It was on one of these evening that this neighbour introduced me to Richard. That evening too he had made his slow and precise journey up the street with his two bags and multiple rest stops. Richard told me that he thought my dog was very cute and asked if he could pet her. As he enticed her to come over, I asked if he had a dog. He told me that he was a cat person but that he generally liked animals and found them to be kinder than most humans in this city.

After that I do not remember the specifics of our conversation but we probably talked about how unfriendly people could be in this city or the unusually hot spell we were having. But I do remember one other detail. He wore the same sneakers every day, but that day I noticed for the first time that his right shoe had big hole around the toe area. I remember that it made me feel sad, and my instinct was to offer to buy him another pair but I did not know how to make the offer; so I never did.

After that day, we would greet each other every time we met and he would put his hand out to beckon my dog over to pet her. But we never had another real conversation.

It turns out that Richard had been dead for over a week. The police and coroner had to remove his body wearing hazmat suits due the possibility that Covid had caused his demise.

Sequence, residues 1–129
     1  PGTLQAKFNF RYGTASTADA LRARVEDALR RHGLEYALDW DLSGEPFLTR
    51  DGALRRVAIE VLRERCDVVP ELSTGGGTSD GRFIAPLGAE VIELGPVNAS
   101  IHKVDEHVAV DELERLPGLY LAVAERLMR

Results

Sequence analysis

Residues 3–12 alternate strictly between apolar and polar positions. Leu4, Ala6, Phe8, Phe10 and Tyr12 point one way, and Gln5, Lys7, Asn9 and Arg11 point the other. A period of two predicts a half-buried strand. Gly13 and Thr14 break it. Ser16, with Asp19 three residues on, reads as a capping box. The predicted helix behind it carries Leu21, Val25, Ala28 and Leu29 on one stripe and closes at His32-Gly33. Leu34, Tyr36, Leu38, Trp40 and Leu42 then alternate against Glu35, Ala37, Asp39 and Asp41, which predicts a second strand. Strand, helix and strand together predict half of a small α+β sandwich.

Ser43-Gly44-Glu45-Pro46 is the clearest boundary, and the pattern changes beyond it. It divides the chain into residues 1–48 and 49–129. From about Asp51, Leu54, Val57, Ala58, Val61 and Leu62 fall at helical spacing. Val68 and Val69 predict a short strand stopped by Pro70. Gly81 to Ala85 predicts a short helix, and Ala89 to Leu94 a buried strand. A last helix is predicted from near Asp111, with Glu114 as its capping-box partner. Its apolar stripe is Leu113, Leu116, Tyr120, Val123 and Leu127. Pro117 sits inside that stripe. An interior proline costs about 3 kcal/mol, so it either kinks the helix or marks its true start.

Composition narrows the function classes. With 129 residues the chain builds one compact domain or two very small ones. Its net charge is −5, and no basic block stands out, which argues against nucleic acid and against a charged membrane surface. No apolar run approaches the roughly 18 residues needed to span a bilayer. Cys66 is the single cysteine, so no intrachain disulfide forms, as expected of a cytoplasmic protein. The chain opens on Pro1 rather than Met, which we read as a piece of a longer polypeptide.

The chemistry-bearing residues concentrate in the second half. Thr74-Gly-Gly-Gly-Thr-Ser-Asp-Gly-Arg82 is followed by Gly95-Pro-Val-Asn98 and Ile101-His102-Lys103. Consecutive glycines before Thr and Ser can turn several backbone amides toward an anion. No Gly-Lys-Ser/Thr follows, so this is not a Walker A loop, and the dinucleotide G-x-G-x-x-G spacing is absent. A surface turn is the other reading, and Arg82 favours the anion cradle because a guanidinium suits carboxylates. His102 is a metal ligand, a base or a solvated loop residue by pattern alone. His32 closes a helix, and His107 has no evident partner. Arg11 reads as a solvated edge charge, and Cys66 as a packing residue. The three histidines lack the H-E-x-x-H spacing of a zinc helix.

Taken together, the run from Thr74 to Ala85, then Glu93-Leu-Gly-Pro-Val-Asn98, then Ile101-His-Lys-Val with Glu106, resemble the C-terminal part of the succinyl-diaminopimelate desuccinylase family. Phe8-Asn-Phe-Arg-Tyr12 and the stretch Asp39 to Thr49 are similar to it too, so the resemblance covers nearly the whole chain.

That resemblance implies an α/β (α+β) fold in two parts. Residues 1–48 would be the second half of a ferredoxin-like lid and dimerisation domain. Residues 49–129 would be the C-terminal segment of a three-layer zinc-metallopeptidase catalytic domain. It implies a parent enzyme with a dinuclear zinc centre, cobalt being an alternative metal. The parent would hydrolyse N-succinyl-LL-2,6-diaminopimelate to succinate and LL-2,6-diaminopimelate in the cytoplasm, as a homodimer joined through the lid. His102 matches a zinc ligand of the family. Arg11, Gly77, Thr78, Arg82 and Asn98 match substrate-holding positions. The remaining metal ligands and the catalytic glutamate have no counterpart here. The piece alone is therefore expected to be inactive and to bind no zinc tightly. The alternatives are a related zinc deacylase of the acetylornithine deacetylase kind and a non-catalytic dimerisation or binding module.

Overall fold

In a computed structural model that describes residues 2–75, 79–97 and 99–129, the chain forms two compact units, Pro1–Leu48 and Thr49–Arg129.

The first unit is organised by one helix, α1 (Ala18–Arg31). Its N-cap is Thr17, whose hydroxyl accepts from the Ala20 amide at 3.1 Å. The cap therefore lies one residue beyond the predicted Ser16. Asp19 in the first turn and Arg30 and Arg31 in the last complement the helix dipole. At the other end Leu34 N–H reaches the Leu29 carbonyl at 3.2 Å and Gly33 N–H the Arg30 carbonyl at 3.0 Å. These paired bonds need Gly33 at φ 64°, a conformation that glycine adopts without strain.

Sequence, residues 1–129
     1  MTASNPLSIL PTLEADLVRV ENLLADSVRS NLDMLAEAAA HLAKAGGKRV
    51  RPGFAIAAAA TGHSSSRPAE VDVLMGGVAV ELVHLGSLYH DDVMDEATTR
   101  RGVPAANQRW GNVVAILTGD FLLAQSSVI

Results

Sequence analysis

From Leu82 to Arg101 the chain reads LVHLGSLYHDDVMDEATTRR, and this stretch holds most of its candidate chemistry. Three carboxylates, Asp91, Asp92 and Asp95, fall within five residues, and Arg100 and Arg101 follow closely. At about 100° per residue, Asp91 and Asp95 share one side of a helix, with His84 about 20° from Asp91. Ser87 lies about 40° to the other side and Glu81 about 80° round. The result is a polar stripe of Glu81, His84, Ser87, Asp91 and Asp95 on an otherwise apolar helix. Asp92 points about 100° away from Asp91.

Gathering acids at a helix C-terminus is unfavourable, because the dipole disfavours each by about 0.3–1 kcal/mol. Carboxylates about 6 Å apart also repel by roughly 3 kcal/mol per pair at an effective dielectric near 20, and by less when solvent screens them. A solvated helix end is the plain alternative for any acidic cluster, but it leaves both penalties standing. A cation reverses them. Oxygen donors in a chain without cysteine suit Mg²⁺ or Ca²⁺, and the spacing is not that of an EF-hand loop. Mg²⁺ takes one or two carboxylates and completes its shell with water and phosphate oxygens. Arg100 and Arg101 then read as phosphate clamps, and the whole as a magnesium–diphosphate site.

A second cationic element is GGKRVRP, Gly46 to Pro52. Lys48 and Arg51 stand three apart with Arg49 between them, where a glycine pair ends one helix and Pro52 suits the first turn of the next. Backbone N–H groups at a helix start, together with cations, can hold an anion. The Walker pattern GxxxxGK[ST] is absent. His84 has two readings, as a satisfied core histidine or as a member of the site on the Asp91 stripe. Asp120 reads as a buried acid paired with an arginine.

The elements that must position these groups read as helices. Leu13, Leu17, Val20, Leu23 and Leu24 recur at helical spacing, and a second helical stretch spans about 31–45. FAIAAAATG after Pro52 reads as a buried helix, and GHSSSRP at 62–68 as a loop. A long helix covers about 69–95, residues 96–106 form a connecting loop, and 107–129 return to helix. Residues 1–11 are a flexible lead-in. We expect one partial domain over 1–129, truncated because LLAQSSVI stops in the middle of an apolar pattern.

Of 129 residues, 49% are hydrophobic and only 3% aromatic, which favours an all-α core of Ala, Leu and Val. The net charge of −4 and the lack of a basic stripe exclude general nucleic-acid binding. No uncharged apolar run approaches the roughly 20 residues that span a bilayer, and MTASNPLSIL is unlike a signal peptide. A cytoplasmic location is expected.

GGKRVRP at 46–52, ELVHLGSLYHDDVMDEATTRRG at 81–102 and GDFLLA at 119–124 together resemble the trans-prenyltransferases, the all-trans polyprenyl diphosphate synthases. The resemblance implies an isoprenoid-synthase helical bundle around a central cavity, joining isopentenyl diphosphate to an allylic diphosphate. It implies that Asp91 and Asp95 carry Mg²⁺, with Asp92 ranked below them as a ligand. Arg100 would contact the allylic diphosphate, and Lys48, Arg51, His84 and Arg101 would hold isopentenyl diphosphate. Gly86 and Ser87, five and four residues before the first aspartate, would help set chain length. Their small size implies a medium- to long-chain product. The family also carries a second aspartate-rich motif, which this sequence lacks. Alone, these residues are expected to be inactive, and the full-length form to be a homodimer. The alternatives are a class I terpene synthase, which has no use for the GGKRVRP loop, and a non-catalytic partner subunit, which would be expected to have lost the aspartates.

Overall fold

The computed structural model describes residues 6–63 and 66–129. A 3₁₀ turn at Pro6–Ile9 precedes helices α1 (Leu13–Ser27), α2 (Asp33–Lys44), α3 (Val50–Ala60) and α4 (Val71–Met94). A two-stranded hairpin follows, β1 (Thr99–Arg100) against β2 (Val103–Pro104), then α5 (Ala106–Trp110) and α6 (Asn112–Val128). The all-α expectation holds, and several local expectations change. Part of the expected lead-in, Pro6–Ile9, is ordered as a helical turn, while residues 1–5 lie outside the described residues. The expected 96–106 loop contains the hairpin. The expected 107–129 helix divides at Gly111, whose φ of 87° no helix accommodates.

Last night when I was out walking my dog, a police van suddenly zoomed up and parked in from of Richard’s building. I saw three cops proceed into the building with masks, protective gloves and long sticks. My neighbour informed me that they had come to round up Richard’s cats.

It turns out that prior to this pandemic about 20 to 25 people died every day in their homes, but since March that number has increased to more than 200 people per day. However, we know that Covid has been far more deadly for those over sixty-five years of age and is likely decimating our old, single warrior population that Richard was a member of.

It breaks my heart to think that at the best of times these warriors are lonely, but now Covid has snatched from them the one lifeline of human contact they had, at their local library, supermarket or from greeting their neighbours on the street.

I wonder what is crueler; dying during normal times and fading from existence because there is nobody alive that knows you, or to be remembered as a statistic of a global pandemic.